Whereas in Brazil threaten telcos charge higher prices for Internet access - especially by the necessary investments to ensure the quality standards set by Anatel and are not interested in investing in infrastructure sharing, since, today,only the antenna is made of a cooperative - the planet's largest mobile operator by revenue proposed rival to share the costs of the expansion of infrastructure.
The chairman of British Vodafone, Vittorio Colao revealed at the Mobile World Congress in Barcelona, which suggested the competitors in Germany, Spain and Italy a share of the estimated 30 billion euros ($ 75 billion) to build networks ofsuper-fast in Europe.
According to Vittorio Colao, these new networks are required to meet the seemingly insatiable demand for higher speeds in the connections, even at a time when consumers are not willing to pay much to have this service.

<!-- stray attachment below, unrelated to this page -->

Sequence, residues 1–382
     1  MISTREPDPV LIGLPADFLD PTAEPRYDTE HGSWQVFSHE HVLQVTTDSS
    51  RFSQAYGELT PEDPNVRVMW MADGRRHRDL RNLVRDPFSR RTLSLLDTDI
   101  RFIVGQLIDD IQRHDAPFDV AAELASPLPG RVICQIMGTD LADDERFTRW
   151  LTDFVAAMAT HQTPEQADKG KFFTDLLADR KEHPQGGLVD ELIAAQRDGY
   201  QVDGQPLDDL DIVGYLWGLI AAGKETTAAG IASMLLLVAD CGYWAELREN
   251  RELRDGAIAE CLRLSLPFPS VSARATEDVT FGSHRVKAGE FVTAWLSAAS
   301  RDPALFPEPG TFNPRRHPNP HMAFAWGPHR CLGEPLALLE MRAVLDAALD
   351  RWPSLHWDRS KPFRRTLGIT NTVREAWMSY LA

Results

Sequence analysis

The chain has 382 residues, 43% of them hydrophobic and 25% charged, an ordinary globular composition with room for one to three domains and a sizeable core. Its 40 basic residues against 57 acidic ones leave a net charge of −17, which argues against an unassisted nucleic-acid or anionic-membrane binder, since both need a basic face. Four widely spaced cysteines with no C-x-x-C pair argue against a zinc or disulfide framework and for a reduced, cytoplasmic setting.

"So far we have not succeeded in convincing them that this is a good idea, but we are very interested. If times are hard and not enough money, we must go for co-investment and co-invested infrastructure terms open, "said the chairman of Vodafone.
Although great European operators have signed agreements to share in recent years, the executive said that the suggestion to divide the deployment of fixedseemed a very big step for competitors consulted.
Colao estimated to be 30 billion euros needed for the construction of new LTE networks in Europe - but they allow operators to charge higher prices to customers.The reduction of revenue, especially with the drop in interconnection rates, the biggest complaint was the first day of MWC.
Co-investment agreements are underway in France. But in Italy and Spain, whereVodafone purchased capacity in the fixed networks of utilities, companies at the moment, focused more heavily on debt payments.
With Europe in the center of the current state of international financial crisis, the telecommunications industry also suffers. A Moody's report, for example,downgraded the status of European telcos, which appear with negative outlook for 2012. There will be a drop in revenue and the industry must shrink 2%.